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10% Speed DOCSIS 3.1 to Australia in 2016
Tuesday, 17 March 2015 20:40

John Chapman Why throttle a gigabit line to 100 megabits? Since 2005, DOCSIS 3.1 was designed to go to a gigabit and more, shared. But NBN will only offer 100 megabits when it rolls out in a year or two, NBN CTO Dennis Steiger tells Alan Breznick at Light Reading. http://ubm.io/1EwTDYD. The equipment cost for a gigabit will be similar to the 100 meg cost. The cost to the carrier of the extra bandwidth would normally be less than $2/month/customer, generally far less. 

"There is massive demand for very high-speed broadband supporting more than 100 Mbit/s and up to 1 Gbit/s," Breznick colleague Simon Stanley writes. Worldwide evidence is gigabit service finds customers where offered at a fair price.  We all know Google has seen excellent take rates in Kansas City despite a 50-100 cable alternative. Literally dozens of small U.S. telcos are happy to offer a gigabit. In Korea, many customers aren't going for the full gig - but many are. Almost no homes have practical reasons for speeds higher than 50-100 megabits but for $5-10/month extra some will sign up for the occasional thrill and ego boost. http://gfastnews.com/index.php/9-uncategorised/154-1-gigabit-10-gigabits-who-needs-it Steiger is probably right that if a gig cost $50 or $100 more demand would be small.

Steiger presumably means they don't think many people will be interested at the high price NBN and partners want to charge. 

Last Updated on Thursday, 19 March 2015 10:25
Telcos new LAA takes over WiFi spectrum
Sunday, 01 March 2015 16:21

Do we really want to give away 25%-75% of WiFi spectrum to the incumbent telcos? For a system not likely to work very well? Ericsson & Qualcomm, backed by the telcos, are spending $millions to spin this one. Do email me daveb DSLPrime.com if you have information or opinions. 

Verizon, T-Mobile, Ericsson Want WiFi Spectrum for LTE http://bit.ly/KillingWiFi

Other Reporter's Comments http://bit.ly/othernews Qualcomm Responds http://bit.ly/Frqual

Qualcomm leads the key committees.http://bit.ly/Qualrules




Last Updated on Monday, 02 March 2015 02:09
10 Gig - repeat, 10 gig - to 800K apartments in Hong Kong
Wednesday, 11 February 2015 10:11

Bruce Lee's Hong Kong statueSoon, the cost to the telco for 10 gigabits will be little different than the cost of ten megabits.  1 gig service over fiber costs the carrier very little more than 10 or 100 megabits. Equipment going in today is almost all ready for a gig. There's rarely any savings using obsolete gear that tops out at lower speeds. PCCW's Hong Kong telco has now upped the ante, bringing a ten gig - presumably XGPON - to all 800,000 fiber customers. Trials have begun and they expect to cover nearly all 800K by the end of 2015. 

Hong Kong consumers are among the luckiest in the world. Despite wages often as high as the U.S., prices both for wired and wireless service are typically half what they are in the states. Pricing for the gig service isn't announced and will be determined by what the market requires. Even with the low revenue base, HKT is going fiber or vectored VDSL to nearly all the city while investing less than 10% of revenue. Their LTE is going to 300 megabits.

Hong Kong HKT's cost should be somewhere between $400 & $1,000 per home - probably closer to $400.

Last Updated on Friday, 13 February 2015 15:44
Ikanos: Still waiting on chips
Friday, 23 January 2015 09:39

Very limited sales of ADSL, VDSL chips for now. Ikanos was the first with VDSL2 DMT, today's standard. They've incorporated Globespan-Conexant, once the largest ADSL chip provider. But until their vectored & G.fast chips ship, sales are dismal. With investments from Alcatel and Tallgrass, they have time to turn things around - when the chips get out the door.  Tallgrass and management bought an additional $12M in equity early in February.

    They are particularly enthused about G.fast. On their investor call http://bit.ly/1BcvVC1, "One is that G.fast is obviously the flagship of the 1-gig push forward, if you will. We expect that market to be -- as the percentage of the total to be around 25% of the mix of the balance of the DSL technology, but one of the things that interesting around G.fast is an end-to-end replacements or deployment takes place.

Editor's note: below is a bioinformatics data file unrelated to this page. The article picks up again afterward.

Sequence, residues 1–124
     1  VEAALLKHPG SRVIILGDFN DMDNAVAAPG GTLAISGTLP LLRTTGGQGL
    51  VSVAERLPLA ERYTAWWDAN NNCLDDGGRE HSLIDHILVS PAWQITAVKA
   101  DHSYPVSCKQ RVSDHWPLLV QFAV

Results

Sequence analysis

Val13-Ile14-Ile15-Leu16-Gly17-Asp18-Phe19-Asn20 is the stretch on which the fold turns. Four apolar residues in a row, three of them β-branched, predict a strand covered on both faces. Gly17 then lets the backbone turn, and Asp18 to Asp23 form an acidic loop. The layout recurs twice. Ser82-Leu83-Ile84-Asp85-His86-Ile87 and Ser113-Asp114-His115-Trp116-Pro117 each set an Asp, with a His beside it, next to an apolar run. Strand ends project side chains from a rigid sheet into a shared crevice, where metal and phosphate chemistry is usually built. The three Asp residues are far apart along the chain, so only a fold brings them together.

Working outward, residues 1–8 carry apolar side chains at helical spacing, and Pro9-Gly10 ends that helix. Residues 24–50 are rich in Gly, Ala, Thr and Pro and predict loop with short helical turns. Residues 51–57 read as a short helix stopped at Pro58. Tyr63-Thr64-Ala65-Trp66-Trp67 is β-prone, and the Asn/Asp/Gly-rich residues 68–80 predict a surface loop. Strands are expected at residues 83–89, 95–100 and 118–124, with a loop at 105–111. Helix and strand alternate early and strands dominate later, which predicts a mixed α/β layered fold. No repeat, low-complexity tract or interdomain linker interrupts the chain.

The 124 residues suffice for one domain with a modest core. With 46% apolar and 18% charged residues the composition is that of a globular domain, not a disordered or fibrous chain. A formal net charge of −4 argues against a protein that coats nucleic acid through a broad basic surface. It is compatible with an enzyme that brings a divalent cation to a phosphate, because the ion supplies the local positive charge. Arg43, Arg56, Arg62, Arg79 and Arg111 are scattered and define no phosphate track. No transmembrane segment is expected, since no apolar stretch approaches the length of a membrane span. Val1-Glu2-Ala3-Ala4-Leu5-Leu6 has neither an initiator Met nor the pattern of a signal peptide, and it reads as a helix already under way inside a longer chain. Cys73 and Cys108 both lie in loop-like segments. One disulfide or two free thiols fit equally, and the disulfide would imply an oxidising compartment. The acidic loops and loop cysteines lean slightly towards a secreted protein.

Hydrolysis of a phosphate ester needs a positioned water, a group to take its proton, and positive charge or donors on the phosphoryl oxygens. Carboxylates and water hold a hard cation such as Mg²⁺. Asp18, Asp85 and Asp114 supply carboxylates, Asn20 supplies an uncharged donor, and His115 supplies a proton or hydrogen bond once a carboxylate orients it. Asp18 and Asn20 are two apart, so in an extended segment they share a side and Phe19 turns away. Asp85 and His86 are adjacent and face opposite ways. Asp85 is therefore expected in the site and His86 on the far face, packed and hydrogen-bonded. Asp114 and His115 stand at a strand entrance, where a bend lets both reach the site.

Last Updated on Saturday, 14 February 2015 16:48
Ten days to nominate DSL pioneers for the IEEE Ibuka Medal
Monday, 12 January 2015 00:00

Wiegand's other award

The 2012 Ibuka Medal went to three people on the video standards committee for H.264/MPEG4-AVC. The 2013 award went to three on the High-Efficiency Advanced Audio Coding committee. For more than 20 years, the DSL Standards group has been advancing broadband from 1.5 megabits in the pre-DMT days to G.fast’s hundreds of megabits. It’s time to put together a nomination. This year's nominations are due January 31. The chair of the committee is Kenneth Wiegand of Fraunhofer, one of those who won the award for video standards. Balan Nair, also on the committee, installed millions of lines of DSL as CTO of Qwest.

The 2014 Award went to Marty Cooper, cell phone inventor and friend to many of us. Marty’s Marconi Panel in D.C. in October upended many people’s thinking about spectrum. Two dozen of the most influential in D.C. were in the audience to hear “We’ve never had a spectrum shortage and we never will.” The video is well worth watching http://bit.ly/Marconispectrum

For information on the award, http://www.ieee.org/about/awards/tfas/ibuka.html If we don’t get this together for this year, let’s make sure to do it next year.


Last Updated on Friday, 23 January 2015 22:16
$45 Billion for Spectrum? Cheap!
Wednesday, 31 December 2014 23:06


"Even on a cost avoidance basis, the AWS3 bids could reflect economic values," a reliable source emailed me. More spectrum makes it cheaper to add wireless capacity, especially now that LTE-A aggregation is widely available. I ran some numbers and to my surprise even $45B is plausible - if not exactly cheap!

AT&T certainly didn't intend to pay $15-20B for about 40% of the 50 MHz available. John Stankey put $10B on the table for the auctions. That seemed like enough to scare off smaller bidders.  Someone wasn't scared, probably Charlie Ergen, and pushed the bidding up. 

Telcos need to keep up with traffic increasing at 30-70% per year. They can increase capacity with more cell sites, more antennas, and network efficiencies instead of spectrum. They calculate how much less they could spend on capex if they had additional spectrum available. They calculate cost avoidance numbers from that and develop a maximum bid range. Then they hire nobel-calibre game theorists and auction economists to ensure they spend much less.